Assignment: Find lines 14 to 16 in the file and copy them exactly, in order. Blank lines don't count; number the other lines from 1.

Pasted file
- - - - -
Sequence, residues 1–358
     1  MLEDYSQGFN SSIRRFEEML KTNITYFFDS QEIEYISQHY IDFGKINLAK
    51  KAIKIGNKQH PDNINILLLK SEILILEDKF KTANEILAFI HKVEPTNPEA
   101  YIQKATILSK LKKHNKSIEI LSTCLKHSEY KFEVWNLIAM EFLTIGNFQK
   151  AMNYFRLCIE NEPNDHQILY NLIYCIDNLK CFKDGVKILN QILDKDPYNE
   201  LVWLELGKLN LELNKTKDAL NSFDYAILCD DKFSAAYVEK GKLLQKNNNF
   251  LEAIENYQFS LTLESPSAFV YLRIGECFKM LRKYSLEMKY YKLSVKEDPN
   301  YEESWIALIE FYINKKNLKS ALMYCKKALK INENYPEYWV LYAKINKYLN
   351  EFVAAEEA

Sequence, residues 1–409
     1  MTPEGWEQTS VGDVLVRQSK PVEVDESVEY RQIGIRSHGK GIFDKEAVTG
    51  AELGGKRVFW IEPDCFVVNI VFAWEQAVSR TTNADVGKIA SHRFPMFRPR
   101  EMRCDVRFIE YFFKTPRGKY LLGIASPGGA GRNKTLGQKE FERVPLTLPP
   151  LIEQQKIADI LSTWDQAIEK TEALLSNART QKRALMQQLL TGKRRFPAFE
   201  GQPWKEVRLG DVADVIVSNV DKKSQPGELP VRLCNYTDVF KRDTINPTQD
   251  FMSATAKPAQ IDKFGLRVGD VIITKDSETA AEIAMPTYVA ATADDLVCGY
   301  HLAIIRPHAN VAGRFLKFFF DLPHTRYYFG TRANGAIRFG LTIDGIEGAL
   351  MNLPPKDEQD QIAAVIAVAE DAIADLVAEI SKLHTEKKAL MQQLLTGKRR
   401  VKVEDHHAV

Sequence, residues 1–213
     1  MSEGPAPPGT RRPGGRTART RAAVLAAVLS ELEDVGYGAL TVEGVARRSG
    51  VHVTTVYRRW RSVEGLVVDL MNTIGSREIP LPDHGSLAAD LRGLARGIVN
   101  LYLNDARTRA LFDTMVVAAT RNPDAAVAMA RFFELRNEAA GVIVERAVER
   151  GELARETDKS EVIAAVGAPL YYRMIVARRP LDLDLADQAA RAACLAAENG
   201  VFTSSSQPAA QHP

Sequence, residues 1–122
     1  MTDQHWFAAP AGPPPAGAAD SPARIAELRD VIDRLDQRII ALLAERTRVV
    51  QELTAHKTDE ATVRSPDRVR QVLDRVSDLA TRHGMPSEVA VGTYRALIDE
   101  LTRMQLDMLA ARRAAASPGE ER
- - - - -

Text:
   151  LIEQQKIADI LSTWDQAIEK TEALLSNART QKRALMQQLL TGKRRFPAFE
   201  GQPWKEVRLG DVADVIVSNV DKKSQPGELP VRLCNYTDVF KRDTINPTQD
   251  FMSATAKPAQ IDKFGLRVGD VIITKDSETA AEIAMPTYVA ATADDLVCGY